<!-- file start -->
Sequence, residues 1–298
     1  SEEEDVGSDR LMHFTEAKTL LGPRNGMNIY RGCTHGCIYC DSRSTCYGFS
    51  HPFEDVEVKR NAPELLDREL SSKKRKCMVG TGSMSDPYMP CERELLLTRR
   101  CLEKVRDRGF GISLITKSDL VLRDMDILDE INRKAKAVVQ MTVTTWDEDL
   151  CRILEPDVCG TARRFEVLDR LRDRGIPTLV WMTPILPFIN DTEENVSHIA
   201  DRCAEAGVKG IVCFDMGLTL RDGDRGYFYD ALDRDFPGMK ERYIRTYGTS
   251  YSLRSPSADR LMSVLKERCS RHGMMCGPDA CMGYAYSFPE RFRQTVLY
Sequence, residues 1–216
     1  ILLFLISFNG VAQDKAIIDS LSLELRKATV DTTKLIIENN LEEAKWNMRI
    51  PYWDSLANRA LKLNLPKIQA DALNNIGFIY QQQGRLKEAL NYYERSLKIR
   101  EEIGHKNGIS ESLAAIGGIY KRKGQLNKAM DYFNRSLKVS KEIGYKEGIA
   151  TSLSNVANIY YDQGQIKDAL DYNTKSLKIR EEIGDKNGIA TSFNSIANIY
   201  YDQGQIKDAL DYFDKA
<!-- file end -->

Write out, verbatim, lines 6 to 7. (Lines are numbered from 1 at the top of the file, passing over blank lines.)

   201  DRCAEAGVKG IVCFDMGLTL RDGDRGYFYD ALDRDFPGMK ERYIRTYGTS
   251  YSLRSPSADR LMSVLKERCS RHGMMCGPDA CMGYAYSFPE RFRQTVLY